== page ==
Adaptability is a term often reserved for the workplace, but its relevance extends far beyond that. Earlier this year, I penned a blog post about “being in the weeds,” a phrase frequently used by restaurant workers to describe the struggle of keeping up with demands. While initially geared toward work-life, the concept of adaptability readily applies to personal situations as well.
Recently, upheaval has become a constant companion in our lives. To summarize our predicament: we rent our home as we dream of building our ideal one. Unsure of our exact requirements, renting seemed prudent. However, our current rented home is now up for sale in a hot market, prompting us to search for a new rental. Buying was considered but didn’t align with our long-term goals. Then, our trusty, fully paid-off vehicle decided to break down, further complicating our plans.
These curveballs threw our well-laid plans into disarray. Isn’t that life, though?
I found myself in a state of panic, grappling with the sudden influx of challenges and overwhelmed by potential solutions. Here are the steps I took to regain control—a set of tips that might help you navigate life’s unexpected twists:
1. Stop and Take Inventory
Life often seems to adhere to the adage, “When it rains, it pours.” Unexpected obstacles can derail our well-charted paths. Having adaptability to change isn’t always easy, and abrupt turns can leave us flustered. In such moments, the instinct to quell the chaos is strong. However, imagine your problems as a grease fire. Rushing to extinguish it with panic, like throwing water on grease, can escalate the situation. It might even cause an explosion!
When life resembles a grease fire, take a moment. Breathe deeply. While it might seem counterintuitive to pause, allowing your thoughts to catch up can simplify the decision-making process.
2. Do Not Solve Major Problems on an Empty Stomach
Attempting to resolve problems in an emotional state is a recipe for disaster. Your ability to tackle life’s challenges improves after nourishing yourself and getting adequate sleep. Self-care may sometimes appear selfish or unproductive, but you can’t effectively address problems without first caring for yourself.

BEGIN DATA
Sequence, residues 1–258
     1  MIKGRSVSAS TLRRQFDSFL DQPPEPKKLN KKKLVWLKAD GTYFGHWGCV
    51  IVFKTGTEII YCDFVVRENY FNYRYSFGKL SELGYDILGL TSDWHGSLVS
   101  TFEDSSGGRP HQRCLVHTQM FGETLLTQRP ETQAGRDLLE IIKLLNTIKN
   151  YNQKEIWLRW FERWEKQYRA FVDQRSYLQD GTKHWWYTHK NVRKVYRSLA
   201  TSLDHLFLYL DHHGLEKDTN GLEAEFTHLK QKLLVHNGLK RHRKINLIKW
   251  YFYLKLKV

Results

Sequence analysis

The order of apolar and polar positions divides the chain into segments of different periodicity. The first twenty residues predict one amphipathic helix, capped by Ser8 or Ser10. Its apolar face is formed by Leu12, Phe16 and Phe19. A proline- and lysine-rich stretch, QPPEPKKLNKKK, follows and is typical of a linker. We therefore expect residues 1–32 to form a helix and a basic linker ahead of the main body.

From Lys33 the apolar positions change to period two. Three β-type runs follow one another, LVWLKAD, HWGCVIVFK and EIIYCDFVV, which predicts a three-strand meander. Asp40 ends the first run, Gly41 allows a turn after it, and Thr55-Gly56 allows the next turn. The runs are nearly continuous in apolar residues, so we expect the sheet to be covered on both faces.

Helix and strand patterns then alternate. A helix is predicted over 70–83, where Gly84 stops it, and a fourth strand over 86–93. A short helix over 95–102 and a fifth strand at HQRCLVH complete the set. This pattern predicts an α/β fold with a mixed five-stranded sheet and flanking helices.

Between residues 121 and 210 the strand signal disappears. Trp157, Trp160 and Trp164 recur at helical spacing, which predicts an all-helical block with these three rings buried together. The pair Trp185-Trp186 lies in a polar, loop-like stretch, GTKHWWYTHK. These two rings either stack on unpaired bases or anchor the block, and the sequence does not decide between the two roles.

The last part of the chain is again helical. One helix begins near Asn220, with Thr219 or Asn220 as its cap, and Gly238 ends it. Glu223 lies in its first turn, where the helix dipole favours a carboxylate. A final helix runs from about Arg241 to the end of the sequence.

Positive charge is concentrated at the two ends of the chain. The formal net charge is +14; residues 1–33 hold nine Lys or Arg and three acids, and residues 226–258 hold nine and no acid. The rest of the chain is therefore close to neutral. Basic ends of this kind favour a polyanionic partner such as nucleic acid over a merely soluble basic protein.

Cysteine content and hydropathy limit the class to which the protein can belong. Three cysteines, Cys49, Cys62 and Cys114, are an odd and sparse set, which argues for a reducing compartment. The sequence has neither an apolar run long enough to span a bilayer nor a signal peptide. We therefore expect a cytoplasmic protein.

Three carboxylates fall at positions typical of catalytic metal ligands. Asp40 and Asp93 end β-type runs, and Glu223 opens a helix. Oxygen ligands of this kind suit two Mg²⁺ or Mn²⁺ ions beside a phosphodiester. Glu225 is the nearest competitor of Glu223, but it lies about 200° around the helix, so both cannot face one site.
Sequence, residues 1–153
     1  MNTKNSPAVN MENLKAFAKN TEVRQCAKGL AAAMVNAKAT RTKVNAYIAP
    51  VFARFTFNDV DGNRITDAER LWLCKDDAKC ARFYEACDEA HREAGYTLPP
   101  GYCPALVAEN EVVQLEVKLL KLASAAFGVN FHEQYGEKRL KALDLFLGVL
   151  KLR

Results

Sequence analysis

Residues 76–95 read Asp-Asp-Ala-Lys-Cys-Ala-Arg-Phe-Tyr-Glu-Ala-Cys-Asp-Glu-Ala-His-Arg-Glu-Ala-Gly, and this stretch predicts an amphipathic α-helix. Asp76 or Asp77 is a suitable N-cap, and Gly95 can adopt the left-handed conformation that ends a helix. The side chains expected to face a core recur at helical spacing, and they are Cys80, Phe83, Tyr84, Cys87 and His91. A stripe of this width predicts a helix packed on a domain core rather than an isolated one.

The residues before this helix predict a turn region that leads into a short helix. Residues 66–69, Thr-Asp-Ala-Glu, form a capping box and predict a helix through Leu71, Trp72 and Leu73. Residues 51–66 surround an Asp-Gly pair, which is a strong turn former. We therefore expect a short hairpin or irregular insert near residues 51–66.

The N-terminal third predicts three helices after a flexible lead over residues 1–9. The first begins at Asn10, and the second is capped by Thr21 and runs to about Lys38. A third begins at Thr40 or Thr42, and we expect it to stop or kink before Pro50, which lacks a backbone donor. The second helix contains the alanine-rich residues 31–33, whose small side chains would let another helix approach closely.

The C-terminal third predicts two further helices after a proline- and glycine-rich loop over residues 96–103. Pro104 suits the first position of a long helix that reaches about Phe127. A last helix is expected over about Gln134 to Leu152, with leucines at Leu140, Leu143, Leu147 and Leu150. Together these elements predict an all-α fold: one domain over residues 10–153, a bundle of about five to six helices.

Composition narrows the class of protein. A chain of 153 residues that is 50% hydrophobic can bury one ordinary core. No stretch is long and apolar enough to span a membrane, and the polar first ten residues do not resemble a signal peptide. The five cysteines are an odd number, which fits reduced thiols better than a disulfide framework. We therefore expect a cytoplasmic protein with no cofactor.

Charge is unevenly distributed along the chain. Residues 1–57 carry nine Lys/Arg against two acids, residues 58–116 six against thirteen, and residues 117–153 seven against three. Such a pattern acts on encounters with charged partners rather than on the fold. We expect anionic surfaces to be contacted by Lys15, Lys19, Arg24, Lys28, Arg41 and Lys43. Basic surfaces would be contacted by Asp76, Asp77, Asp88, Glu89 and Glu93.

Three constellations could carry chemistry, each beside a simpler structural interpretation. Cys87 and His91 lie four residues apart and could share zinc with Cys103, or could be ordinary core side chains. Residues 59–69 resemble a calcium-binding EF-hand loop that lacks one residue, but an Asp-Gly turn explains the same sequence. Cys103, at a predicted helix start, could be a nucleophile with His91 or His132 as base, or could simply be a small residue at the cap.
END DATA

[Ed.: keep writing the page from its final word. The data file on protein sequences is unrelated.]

Think of the airplane safety demonstration: “Secure your own mask before assisting others.” If you pass out, you can’t help anyone else. Prioritize self-care before tackling life’s challenges or aiding those around you. It is not selfish to take care of yourself. In fact it’s a huge act of love that you want to be your best self for those around you.
Having adaptability also includes the wisdom to know when you are and are not capable of making decisions and removing the obstacles that make those decisions difficult.
3. Let Go of What You Can’t Control
Blaming yourself or others won’t prevent the problem or turn back time. Focus your limited energy on practical, actionable solutions, even if they don’t align with your desires. Weigh the pros and cons of each option.
Avoid dwelling in doubt, anger, or betrayal. While it’s essential to validate and explore these emotions at times, important life decisions are best made when emotions are more manageable. And if you’re at a point where you really cannot control the panic or overwhelm, stop and take a moment. The problems will still be there after that moment is over, and you will be more capable of making a logical decision.
4. Focus on One Problem at a Time
For those who tend to see the bigger picture, multiple problems simultaneously can feel overwhelming. Choose the most pressing issue and create an action plan for it. Once you’ve tackled that, move on to the next. Organize a system to address the remaining challenges methodically.
We aren’t superheroes; we must maximize productivity.
5. Make an Action Plan and Take it One Step at a Time
Develop a step-by-step action plan. Sometimes, you can see the entire situation clearly, but at other times, it’s a day-by-day, moment-by-moment, or even minute-by-minute process. Wherever you are, embrace it. Keep moving forward, even if progress is slow. Above all, resist panic.
Remember, nothing lasts forever. Eventually, this challenging phase will pass. You’ve just got to adjust your perspectives that allow you to be more adaptable!
You’ve got this!